Road Rash: Race It Old School Style
It's been many years since I first played Sega, and boy do I not miss it. I mean, nostalgia does come to me every once in a while, but I usually can't stand playing old games for more than thirty minutes. I'm not from that gang. Nevertheless, I was quite amused to play Road Rash for like 2 hours non-stop after having been shamed for never playing it. I only have vague memories of playing Sega at my friend's apartment, in the crowd of classmates mostly busy with staring at the TV screen with great awe. I was too.
But since then a lot has changed, in the video games department particularly. Hell, I just wrote two reviews on next-gen gaming consoles, so imagine my eyes when I launched Road Rash on PC for the first time. Those brick-sized pixels sculped together to produce an image that was supposed to represent objects from real life. What have I gotten myself into? That was the thought that was ringing in my head. But it wasn't that bad. At times it was more ridiculous than amusing, but not bad, and that's important.
For those of you who don't know what Road Rash is â it's a video game series originally created for the Sega MegaDrive console. The game has the player competing in a motorcycle race against a dozen of opponents. But it's not simple racing, the game is actually quite violent (for its time, of course) and involves beating other players with sticks, whips, baseball bats, or simply kicking them while racing.
Since I am spoiled by the modern technology, I spent about half an hour trying to guess the controls (did I really expect those to be intuitive?!) when I could've simply looked them up in the settings. Well, I thought I could, but those turned out to be pretty vague and simply said Â«KeyboardÂ». I finally ended up guessing the correct combinations, so here they are (don't repeat my mistakes!).
Arrows Left and Right will steer your vehicle to the left and to the right accordingly.
The Space button will accelerate.
All the violence is done with the Left Shift button: your character will pull out a weapon if you press it once, and if you press the Left Shift + the Down arrow you'll kick whatever or whomever is closer to you. In my experience, thin air was the closest thing 97% of the time.
That's pretty much all there is to know about the controls.
The race itself lasts about 2.5 to 3 minutes depending on your speed and accuracy. You'll have to dodge a surprising number of objects you can hit, or rather smash into. And each time it happens you get thrown out of the motorcycle and it either flies out from underneath you, or you fly over it. And guess what happens next? You have to run to its landing place and get back on the road. I say run, but when you see this guy run.. Ugh! It's almost like he was given a motorcycle just because his relatives were annoyed the hell out of his natural speed. I mean seriously, did he miss every PE class at school? I was frustrated to look at other racers passing me one after another while this guy did the pretend running.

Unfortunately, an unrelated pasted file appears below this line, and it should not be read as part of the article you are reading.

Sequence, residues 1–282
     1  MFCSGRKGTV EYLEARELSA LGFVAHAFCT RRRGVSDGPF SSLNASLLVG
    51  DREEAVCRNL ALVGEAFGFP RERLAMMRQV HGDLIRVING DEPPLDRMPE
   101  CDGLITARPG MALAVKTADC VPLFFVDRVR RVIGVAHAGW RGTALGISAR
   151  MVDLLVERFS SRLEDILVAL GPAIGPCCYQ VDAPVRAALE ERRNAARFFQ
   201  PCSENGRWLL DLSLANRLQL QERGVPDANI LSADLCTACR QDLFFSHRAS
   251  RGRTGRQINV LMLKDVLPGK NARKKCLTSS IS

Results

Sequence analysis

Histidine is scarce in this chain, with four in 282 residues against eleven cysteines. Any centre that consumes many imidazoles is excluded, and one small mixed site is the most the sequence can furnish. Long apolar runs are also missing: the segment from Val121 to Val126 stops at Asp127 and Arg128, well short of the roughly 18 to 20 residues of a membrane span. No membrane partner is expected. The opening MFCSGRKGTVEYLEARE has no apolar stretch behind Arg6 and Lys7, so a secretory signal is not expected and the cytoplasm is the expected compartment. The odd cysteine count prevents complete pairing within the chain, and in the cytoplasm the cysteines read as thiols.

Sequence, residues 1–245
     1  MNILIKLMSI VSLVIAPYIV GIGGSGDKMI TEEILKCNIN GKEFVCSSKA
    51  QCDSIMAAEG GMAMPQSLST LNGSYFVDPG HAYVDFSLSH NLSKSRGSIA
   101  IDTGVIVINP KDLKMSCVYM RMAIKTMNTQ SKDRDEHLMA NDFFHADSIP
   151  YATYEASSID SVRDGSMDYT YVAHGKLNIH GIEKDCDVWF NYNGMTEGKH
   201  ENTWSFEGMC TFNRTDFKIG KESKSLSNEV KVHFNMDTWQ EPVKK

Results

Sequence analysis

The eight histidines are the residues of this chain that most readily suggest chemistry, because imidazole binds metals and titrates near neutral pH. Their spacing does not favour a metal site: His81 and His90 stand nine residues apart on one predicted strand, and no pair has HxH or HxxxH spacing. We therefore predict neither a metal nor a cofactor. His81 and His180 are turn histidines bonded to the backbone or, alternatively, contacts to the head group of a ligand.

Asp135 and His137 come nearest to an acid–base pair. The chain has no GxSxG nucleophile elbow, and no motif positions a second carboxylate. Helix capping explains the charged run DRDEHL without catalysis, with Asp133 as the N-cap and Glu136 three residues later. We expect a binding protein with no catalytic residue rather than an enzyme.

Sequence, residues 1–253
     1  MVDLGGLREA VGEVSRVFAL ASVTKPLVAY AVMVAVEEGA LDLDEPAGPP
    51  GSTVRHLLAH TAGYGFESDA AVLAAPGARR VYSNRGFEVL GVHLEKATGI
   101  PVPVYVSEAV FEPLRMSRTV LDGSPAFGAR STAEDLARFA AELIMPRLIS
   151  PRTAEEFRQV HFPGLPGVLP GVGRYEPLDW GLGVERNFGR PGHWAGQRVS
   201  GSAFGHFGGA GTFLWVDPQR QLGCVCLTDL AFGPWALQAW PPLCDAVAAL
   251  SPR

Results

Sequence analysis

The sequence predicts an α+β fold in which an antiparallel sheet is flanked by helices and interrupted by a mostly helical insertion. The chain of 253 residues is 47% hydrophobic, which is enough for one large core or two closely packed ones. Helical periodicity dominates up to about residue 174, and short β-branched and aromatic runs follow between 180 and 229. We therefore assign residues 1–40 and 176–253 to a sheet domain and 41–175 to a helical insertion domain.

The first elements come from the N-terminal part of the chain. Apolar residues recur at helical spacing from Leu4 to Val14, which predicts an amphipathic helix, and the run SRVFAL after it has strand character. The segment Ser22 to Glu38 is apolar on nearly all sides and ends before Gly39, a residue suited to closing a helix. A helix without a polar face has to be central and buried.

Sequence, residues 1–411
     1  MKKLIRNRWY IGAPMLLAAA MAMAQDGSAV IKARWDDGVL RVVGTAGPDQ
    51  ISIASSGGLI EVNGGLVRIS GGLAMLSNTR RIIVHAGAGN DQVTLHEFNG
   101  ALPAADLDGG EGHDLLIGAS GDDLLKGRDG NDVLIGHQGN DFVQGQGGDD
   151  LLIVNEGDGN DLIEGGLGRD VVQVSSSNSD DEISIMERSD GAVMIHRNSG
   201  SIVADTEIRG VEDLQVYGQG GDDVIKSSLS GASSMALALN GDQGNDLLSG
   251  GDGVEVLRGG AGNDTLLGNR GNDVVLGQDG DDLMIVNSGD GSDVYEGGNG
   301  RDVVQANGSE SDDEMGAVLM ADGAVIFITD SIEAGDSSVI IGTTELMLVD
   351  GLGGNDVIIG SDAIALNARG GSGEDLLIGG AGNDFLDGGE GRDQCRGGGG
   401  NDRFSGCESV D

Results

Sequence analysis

The picture you see now is just pure frustration. Not only did I smash into an oncoming car (not my fault, it was hidden behind a hill until the last moment, I swear!), I then had to watch this guy running at least a solid minute. I started wondering what takes him so long, and remembered that the game has a rear view mirror at the bottom of the screen. What did I see there? A car running over the motorcycle and pushing it further back to the start and farther from the guy. This nightmare actually stopped at some point, and thank God! Because I was about to punch the monitor or write an angry comment on some dashboard.
There are a couple of tracks but those mostly seem like a change in the color scheme (oh yes, that rich 10 color palette of every old game) and objects on the road appropriate for the climate. The UK track also was with left-hand traffic, and some snowy map had skiers (!) in the middle of the road. With their skis on. Oh, and the violence in the game was not strictly aimed at humans: I hit some animals (although couldn't figure out what the hell I just hit - again, think beautiful graphics). Virtual animals, mind you, not real, cause I would never do that. Never. Greenpeace activists, please don't write me hate mail.
Anyways, every race I ever finished in the game was always followed by some smug conceited comment from one of my opponets, which really hurt. And yea, that means I never came to the finish line first, otherwise you would've seen that screenshot, wouldn't you?
There was one time where I got pulled over by a cop and was given a ticket for $200. Coincedentally, I arrived 6th in the next race, and got $200 in prize money!
Old games are good. I titled the paragraph Â«final wordsÂ» and not Â«conclusionÂ» because after my rant about the stupidity and the terrible graphics and the frustration with the game, it wouldn't seem reasonable to conclude that old games are good. But they actually are. Â«ThemÂ» games and old TV series and movies are the only things that help me connect to my childhood and at times induce the forgotten pure excitment that seems like it's known only to kids.